If you’re talking about the medical field, P.K.is penetrating keratoplasty. If you’re talking about gaming, it’s taking out another player’s character. If you talk about a P.K.in soccer, it’s a penalty kick. But if you’re talking volleyball in South Dakota, P.K. means just one thing: Phekran Kong, one of the best volleyball players in the area.
People have always pronounced her name multiple ways. PEG-a-ron, fek-rahn, FREE-kron, even PEG-a-don, and she usually takes it in stride and just answers however you say it. (By the way, it’s PEG-gron with a trill on the ‘r’).
So, when her eighth grade algebra teacher simplified her name and called her P.K., she welcomed the new nickname. Not many people are as easy-going and as easy to root as P.K. She brings it in the personality department and on the court.
She started playing the sport just five years ago.
"I do love volleyball," she said. "I didn’t grow a true passion to it until late sophomore year, but I started playing when I was in seventh grade."
There’s no doubt her six-foot three-inch body gives her an advantage.
"In middle school, I really started growing," she said. "I mean, it’s kind of hard to find pants, but other than that, I like being tall."
But for this dynamite middle hitter, it’s her agility, power, athleticism and court-smarts that make her one of the top volleyball prospects in the region. In just her first season of playing club volleyball with the Sanford Pentagon Club team, she found herself garnering interest from colleges, even though she hadn’t played a set of high school volleyball yet.
"I was in eighth grade, we were out in Orlando, and then when we got back Mark (Mark McCloskey, the Director of Sanford Power Volleyball) comes up to me and hands me an envelope and I was like, what’s this?" she said. "And he said, ‘read it’. I opened it, and it was a letter from Marquette."
The Milwaukee-based school said they saw her playing at the national tournament and saw a lot of potential. Phekran as a 14-year old wasn’t even dreaming of college volleyball at the time, but it was the first indication that she was pretty good at this game.
Then, after her freshman year at Sioux Falls Washington, a lot more interest from major Division I colleges started pouring in. Phekran said it was kind of overwhelming, but credits her coaches Mark McCloskey, Kelly Schroeder and Kelly Andrews in helping her digest the influx of interest.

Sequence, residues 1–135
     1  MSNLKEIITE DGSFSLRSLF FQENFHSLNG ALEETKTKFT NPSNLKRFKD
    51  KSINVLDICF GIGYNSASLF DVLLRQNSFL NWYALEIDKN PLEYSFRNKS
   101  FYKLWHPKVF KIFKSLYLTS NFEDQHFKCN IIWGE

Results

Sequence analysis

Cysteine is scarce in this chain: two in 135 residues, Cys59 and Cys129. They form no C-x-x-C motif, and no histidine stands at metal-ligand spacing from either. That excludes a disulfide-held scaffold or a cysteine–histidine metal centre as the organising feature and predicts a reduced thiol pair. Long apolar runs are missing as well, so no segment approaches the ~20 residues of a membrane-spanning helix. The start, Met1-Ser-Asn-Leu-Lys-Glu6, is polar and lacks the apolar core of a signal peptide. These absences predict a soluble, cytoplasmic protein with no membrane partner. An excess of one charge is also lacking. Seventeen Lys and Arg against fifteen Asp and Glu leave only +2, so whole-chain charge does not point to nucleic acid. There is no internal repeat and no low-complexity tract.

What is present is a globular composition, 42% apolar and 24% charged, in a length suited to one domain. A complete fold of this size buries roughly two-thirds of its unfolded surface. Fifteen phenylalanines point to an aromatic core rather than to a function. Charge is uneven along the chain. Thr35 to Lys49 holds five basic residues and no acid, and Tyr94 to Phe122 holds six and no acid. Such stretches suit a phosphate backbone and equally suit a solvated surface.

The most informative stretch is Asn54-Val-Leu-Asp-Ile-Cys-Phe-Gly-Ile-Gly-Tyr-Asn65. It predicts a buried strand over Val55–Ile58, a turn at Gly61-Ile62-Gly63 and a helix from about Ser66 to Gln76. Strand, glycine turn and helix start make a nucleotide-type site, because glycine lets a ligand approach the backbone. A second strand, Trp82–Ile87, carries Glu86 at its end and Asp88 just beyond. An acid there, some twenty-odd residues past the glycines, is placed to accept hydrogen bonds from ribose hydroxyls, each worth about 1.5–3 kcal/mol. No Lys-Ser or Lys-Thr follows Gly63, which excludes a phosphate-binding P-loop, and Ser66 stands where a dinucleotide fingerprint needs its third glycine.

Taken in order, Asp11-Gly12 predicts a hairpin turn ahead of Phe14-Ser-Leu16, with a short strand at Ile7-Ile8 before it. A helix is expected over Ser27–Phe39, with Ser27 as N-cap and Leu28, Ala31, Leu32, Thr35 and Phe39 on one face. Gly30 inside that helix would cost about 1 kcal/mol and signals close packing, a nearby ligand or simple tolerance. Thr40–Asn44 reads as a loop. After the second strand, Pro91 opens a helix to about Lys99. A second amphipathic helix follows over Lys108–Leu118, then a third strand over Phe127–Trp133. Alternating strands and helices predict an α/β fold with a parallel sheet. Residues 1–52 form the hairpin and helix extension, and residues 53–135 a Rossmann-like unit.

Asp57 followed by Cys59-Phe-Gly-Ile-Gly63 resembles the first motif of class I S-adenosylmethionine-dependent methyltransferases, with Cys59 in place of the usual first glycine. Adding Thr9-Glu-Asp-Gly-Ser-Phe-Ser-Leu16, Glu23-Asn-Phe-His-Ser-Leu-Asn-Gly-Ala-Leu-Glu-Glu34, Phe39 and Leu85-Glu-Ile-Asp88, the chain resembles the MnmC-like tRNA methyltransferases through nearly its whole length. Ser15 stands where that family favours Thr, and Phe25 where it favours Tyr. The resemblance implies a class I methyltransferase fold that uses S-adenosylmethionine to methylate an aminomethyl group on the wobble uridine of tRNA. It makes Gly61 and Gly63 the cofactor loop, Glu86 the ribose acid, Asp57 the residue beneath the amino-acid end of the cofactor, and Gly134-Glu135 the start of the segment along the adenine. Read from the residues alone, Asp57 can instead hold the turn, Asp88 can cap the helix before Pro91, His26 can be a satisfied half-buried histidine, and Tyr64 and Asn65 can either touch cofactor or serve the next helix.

In the spring of 2017, PK was halfway through high school and was challenged by Mark McCloskey to decide whether to pursue a volleyball career in college or not. Phekran decided to make the mental switch in her head that she truly wanted to continue her volleyball career on a big D-I stage. "I was like, yeah, I want to do it," she said. From then, the wheels were in motion for Phekran to attack the recruiting process like she rips into a volleyball.
When she originally set out to look for a college, she didn’t want to go too far from home, but after taking visits and seeing some places, she warmed up to moving away.
"College is kind of like my four years to start something for myself," Phekran said. "It will be the beginning of a new life for me, whether that’s far away or close to home. I thought, I’d be okay no matter what the distance was."
Although many colleges showed interest, she quickly pared down to her top four colleges. Those top four were: Colorado State, Iowa State, Tennessee and Louisville.
In the end, Louisville set itself apart with an extra level of care.
“What really did it for me was one of the Louisville coaches, Dan Meske. He used to coach here at Augie and he knew Sioux Falls," she said.
Dan started an authentic relationship with PK and her most trusted volleyball coaches.
"That just really meant a lot to me that they [Louisville] would seek out people who really knew me and meant something to me and to make a relationship with them to get to know me better," she said.
Phekran also loves that the competition level gets jacked up at the college level.
"I can’t wait to play at a competitive level all the time. That’s something I’m really looking forward to," she said.
P.K. has used this summer to fine-tune her D-I skills on the court.
"Personally, I need to work on transitioning after blocking," she said. "Sometimes I stand too long and take myself out of the equation too easily."
Phekran is determined to continue the ascent of Washington volleyball while she’s been at the school. As a freshman in 2016, they finished 5th at State, then improved to 3rd in 2017 and worked their way up to 2nd last season. This year, they have a lot of new faces to fill some spots but P.K. feels like they could make another run.
“It will be a lot harder this year losing four 6-footers, but I mean the rest of the girls we have now are super hard working and they love to play," PK said. "People probably aren’t expecting much from us, but I still think that we got a great group of girls and we can make a run at it again."
MidcoSN will be following the South Dakota volleyball prep scene again this year. We’re planning coverage of the Future 50 event hosted by Adrenaline Fundraising, which features 50 of the top players in the state. Organizer Darren Tipton is pumped to give the top players in the state a spotlight,
“We are very excited to be hosting the Future 50 and Summer Slam for a second year," he said. "Both events are so positive for volleyball in our state and allow us to feature the top athletes and top teams, not only in South Dakota, but the region in one venue. The talent level of the athletes and teams that attend is unmatched for a high school event in South Dakota, and we hope it’s another positive step for promoting, recognizing and growing the sport of volleyball in our area.”
We will also be broadcasting our first preview show dedicated to high school volleyball this fall. Be looking for show details and air dates to be announced soon.